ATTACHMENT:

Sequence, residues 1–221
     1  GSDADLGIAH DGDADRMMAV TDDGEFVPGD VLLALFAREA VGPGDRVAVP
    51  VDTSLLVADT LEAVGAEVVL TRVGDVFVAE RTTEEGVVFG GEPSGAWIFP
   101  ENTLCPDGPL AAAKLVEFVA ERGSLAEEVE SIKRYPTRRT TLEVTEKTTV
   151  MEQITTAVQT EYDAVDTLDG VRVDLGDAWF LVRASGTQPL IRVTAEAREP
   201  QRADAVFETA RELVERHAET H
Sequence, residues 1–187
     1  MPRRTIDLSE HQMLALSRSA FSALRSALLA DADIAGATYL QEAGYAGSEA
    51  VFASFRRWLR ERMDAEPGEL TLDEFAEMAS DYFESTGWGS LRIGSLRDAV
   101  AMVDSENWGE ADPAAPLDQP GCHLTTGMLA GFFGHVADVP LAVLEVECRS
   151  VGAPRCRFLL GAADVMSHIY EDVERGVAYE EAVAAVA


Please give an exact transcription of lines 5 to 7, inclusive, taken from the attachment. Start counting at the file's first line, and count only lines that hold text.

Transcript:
   151  MEQITTAVQT EYDAVDTLDG VRVDLGDAWF LVRASGTQPL IRVTAEAREP
   201  QRADAVFETA RELVERHAET H
Sequence, residues 1–187